When Keats's poems appeared, he entreats Murray to get some one to crush the litile mannikin to pieces. After the article in the Quarterly was published, and the death of Keats was supposed to have been accelerated by its brutality, he abuses Murray for killing him, and discovers that there was much merit in the “mannikin’s” poetry. It would be easy to multiply examples of this instability and levity of character; but for any reader of his letters and journals, such instances would be needless.
The personal and poetical popularity of Byron is still great. The circulation of his works, even at the present time, exceeds that of Wordsworth, Shelley, Southey, and VOL. LX. - NO. 126.
Coleridge united. Scott is the only poet, among his contemporaries, who at all rivals him in the number of readers. Many of his gloomy creations will long frown defiance upon time. It is certainly a calamity to the world, that a poet possessing such wide influence over the heart should too often have exercised it in cultivating and honoring its base and moody passions ; should have robed sin in beauty, and conferred dignity on vice ; should have given new allurements to that Dead-sea fruit,
“ Which tempts the eye,
But turns to ashes on the lip"; should have shown such brilliant audacity in assaults on the dearest interests of society ; and, by the force of his example and the splendor of his mind, should be able to perpetuate his errors and his vices through many generations to come. It is of importance, not only to morals, but to taste, that there should be no delusion as to the nature of these perversions of his genius ; that his wit should not shield his ribaldry from condemnation, nor his imagination be received in extenuation of his blasphemy. In speaking of Byron, as in speaking of men of meaner minds, things should be called by their right names.
The method too apt to be pursued towards him is to gloss over his faults with some smooth sentimentalities about his temptations ; or to speak of them with a singular relaxation of the rigidity of moral laws. But it seems to us impossible to defend his character, even as we defend the character of many men of genius whose lives labor under some bad imputations. As soon as sophistry has dexterously disposed of one charge, a thousand others crowd up to be answered. He has written his own condemnation. The faults of his life blaze out in his verse, and glitter on almost every page of his correspondence. And the most that charity itself can do is to repeat the mournful regret of the good abbot over the sins of Manfred :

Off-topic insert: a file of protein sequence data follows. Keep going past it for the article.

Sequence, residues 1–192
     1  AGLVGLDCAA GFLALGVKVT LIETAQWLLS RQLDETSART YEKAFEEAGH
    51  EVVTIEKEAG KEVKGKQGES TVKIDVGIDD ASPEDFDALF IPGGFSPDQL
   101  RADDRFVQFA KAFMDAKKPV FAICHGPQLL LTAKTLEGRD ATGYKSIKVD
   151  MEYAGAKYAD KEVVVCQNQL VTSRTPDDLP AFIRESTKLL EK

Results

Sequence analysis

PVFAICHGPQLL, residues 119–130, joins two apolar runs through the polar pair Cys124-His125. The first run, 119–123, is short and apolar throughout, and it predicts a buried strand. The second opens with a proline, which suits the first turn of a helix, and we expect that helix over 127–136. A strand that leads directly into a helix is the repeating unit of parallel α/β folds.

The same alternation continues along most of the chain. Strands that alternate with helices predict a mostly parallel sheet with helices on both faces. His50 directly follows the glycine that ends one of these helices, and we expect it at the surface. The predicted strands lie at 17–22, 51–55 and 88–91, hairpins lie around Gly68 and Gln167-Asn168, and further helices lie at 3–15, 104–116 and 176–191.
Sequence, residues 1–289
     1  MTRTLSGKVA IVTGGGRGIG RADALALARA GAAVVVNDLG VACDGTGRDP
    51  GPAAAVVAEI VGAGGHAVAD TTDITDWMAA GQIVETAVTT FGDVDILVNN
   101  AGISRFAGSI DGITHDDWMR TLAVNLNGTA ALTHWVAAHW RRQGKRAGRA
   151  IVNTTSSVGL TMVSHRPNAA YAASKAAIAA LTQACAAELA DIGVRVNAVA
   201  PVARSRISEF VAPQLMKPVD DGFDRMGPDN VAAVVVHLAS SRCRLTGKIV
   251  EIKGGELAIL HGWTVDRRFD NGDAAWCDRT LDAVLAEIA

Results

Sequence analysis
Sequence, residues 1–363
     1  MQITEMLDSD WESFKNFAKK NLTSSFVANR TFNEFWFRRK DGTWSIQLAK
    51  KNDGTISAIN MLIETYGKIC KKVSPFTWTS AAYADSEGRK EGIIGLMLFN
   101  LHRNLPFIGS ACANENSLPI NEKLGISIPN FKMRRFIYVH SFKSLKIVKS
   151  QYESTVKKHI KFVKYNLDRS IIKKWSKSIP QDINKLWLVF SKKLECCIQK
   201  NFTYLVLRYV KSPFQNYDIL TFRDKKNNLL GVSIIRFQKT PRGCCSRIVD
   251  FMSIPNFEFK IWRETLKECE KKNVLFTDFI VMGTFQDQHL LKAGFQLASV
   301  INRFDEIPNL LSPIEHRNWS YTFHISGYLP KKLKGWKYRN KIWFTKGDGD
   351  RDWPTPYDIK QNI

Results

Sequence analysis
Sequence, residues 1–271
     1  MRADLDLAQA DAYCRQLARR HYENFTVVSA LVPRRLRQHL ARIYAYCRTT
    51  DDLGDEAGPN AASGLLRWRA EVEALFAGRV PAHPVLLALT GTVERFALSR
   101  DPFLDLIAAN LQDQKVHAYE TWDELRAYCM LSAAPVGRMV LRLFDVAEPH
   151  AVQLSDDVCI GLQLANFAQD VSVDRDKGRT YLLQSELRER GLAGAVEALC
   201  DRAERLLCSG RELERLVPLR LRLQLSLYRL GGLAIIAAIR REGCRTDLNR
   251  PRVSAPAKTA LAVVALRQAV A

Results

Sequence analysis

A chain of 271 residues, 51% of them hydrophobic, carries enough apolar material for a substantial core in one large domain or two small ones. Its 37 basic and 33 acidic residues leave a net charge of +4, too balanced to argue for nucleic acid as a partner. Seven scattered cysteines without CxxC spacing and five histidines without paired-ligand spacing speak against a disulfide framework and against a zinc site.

“ This should have been a noble creature : he
Hath all the energy which would have made
Art. IV. - Proclamations of His Excellency Sir Charles
Theophilus Metcalfe, Baronet, K. C. B., for dissolving the Provincial Parliament of Canada, and for the Election of a House of Assembly for that Colony. Canada Gazette Extraordinary, Sept. 23, 1844.
Although we seldom turn our attention to the affairs of our Colonial neighbours, we still regard an occasional allusion to them as within the line of our duty. The United States, being the ruling power in this hemisphere, cannot but feel a deep interest in the political condition of all who inhabit the same continent, especially of those who are still in allegiance to the crown to which we once acknowledged fealty. Beside the tie of common British origin, there exists between many of the people of the Colonies north and east of us, and many of our own citizens, the bond of kindred blood. The causes of this affinity were briefly noticed at the close of an article on the Loyalists of our Revolution, in our last number. In considering now the political discontents of the inhabitants of British America, we shall have some occasion to refer to this class of our countrymen again ; since they and their descendants are intimately concerned in these discontents, and in the public affairs of the British possessions in America, generally. Leaving them, however, and the French and English races who people these possessions, for the present, we propose first to consider somewhat in detail the disputes to which they and their rulers in the Old World are parties, and which have long disturbed the relations between England and her Colonies. Our remarks will be confined to Canada, Nova Scotia, and New Brunswick; and as these disputes commenced in the Colony first named, and still are far the most serious there in character, they claim our first notice.
It may be said at the outset, that Great Britain has hardly had a moment's quiet with this possession since the day when Wolfe rose from a sick-bed to “ die happy” in planting her flag on the walls of Quebec. To ascertain the reasons for the existing state of things, therefore, it may be necessary to trace the course of events ever since the treaty of Paris, in 1763, by which England annexed this province to her American dominions. After the conquest, and before the